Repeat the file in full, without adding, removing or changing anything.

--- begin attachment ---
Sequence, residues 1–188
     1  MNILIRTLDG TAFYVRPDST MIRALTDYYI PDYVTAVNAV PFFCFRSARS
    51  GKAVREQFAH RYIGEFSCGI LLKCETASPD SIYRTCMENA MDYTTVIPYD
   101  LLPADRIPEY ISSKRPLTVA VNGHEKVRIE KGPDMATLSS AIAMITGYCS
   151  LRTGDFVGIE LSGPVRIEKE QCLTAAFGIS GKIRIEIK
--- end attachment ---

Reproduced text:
Sequence, residues 1–188
     1  MNILIRTLDG TAFYVRPDST MIRALTDYYI PDYVTAVNAV PFFCFRSARS
    51  GKAVREQFAH RYIGEFSCGI LLKCETASPD SIYRTCMENA MDYTTVIPYD
   101  LLPADRIPEY ISSKRPLTVA VNGHEKVRIE KGPDMATLSS AIAMITGYCS
   151  LRTGDFVGIE LSGPVRIEKE QCLTAAFGIS GKIRIEIK